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Enhanced biological carbon consumption in a high CO2 ocean


The oceans have absorbed nearly half of the fossil-fuel carbon dioxide (CO2) emitted into the atmosphere since pre-industrial times1, causing a measurable reduction in seawater pH and carbonate saturation2. If CO2 emissions continue to rise at current rates, upper-ocean pH will decrease to levels lower than have existed for tens of millions of years and, critically, at a rate of change 100 times greater than at any time over this period3. Recent studies have shown effects of ocean acidification on a variety of marine life forms, in particular calcifying organisms4,5,6. Consequences at the community to ecosystem level, in contrast, are largely unknown. Here we show that dissolved inorganic carbon consumption of a natural plankton community maintained in mesocosm enclosures at initial CO2 partial pressures of 350, 700 and 1,050 μatm increases with rising CO2. The community consumed up to 39% more dissolved inorganic carbon at increased CO2 partial pressures compared to present levels, whereas nutrient uptake remained the same. The stoichiometry of carbon to nitrogen drawdown increased from 6.0 at low CO2 to 8.0 at high CO2, thus exceeding the Redfield carbon:nitrogen ratio of 6.6 in today’s ocean7. This excess carbon consumption was associated with higher loss of organic carbon from the upper layer of the stratified mesocosms. If applicable to the natural environment, the observed responses have implications for a variety of marine biological and biogeochemical processes, and underscore the importance of biologically driven feedbacks in the ocean to global change.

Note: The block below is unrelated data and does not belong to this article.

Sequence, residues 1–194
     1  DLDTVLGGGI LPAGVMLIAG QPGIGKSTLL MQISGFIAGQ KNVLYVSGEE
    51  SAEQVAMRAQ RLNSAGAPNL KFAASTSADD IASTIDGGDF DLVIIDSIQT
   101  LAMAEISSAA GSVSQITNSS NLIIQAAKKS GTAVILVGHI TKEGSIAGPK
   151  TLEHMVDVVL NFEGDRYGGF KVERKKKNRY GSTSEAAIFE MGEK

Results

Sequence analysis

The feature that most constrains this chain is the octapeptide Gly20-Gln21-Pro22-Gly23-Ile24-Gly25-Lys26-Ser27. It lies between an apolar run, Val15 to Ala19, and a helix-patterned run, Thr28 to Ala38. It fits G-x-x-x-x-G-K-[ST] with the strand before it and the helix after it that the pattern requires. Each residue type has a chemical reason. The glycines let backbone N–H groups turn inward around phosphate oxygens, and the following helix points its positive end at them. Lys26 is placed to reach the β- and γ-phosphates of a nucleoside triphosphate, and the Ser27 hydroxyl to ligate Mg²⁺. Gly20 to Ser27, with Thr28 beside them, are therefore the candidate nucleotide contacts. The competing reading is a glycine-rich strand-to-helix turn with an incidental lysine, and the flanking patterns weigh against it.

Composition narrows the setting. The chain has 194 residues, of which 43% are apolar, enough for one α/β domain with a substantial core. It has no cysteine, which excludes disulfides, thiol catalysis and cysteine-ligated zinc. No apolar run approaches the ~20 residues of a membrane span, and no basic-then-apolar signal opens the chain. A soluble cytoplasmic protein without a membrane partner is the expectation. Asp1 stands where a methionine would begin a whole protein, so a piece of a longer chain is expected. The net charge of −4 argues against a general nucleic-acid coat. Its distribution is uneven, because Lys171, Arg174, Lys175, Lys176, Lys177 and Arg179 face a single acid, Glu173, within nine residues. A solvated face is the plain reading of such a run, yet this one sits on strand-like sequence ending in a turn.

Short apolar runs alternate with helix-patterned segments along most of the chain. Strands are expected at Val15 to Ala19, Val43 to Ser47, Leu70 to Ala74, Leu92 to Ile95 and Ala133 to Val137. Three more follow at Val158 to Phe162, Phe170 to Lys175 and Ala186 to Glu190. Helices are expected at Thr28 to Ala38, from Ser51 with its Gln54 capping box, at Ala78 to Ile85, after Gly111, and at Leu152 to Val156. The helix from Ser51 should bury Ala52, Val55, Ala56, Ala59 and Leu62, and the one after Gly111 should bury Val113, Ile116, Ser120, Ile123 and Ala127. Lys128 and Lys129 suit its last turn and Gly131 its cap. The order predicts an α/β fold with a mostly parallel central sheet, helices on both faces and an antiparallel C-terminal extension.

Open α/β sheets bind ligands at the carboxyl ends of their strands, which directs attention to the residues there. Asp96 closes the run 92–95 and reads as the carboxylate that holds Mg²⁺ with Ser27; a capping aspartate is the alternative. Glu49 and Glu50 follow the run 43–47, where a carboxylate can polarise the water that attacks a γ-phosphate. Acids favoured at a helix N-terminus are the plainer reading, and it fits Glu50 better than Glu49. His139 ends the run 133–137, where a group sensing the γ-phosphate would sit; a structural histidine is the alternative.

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Figure 1: Growth conditions in experimental mesocosms.
Figure 2: Development of dominant phytoplankton groups.
Figure 3: CO 2 sensitivity of carbon consumption and carbon loss.


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We thank the participants of the Pelagic Ecosystem CO2 Enrichment study (PeECE III, We acknowledge J. Egge, J. Nejstgaard and the staff of the Espegrend Marine Biological Station for helping to organize and set up the mesocosms. This work was supported by the EU projects CARBOOCEAN ‘Marine carbon sources and sinks assessment’ (GOCE), CABANERA and University of Bergen (LOCUS) funding.

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Correspondence to U. Riebesell.

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Riebesell, U., Schulz, K., Bellerby, R. et al. Enhanced biological carbon consumption in a high CO2 ocean. Nature 450, 545–548 (2007).

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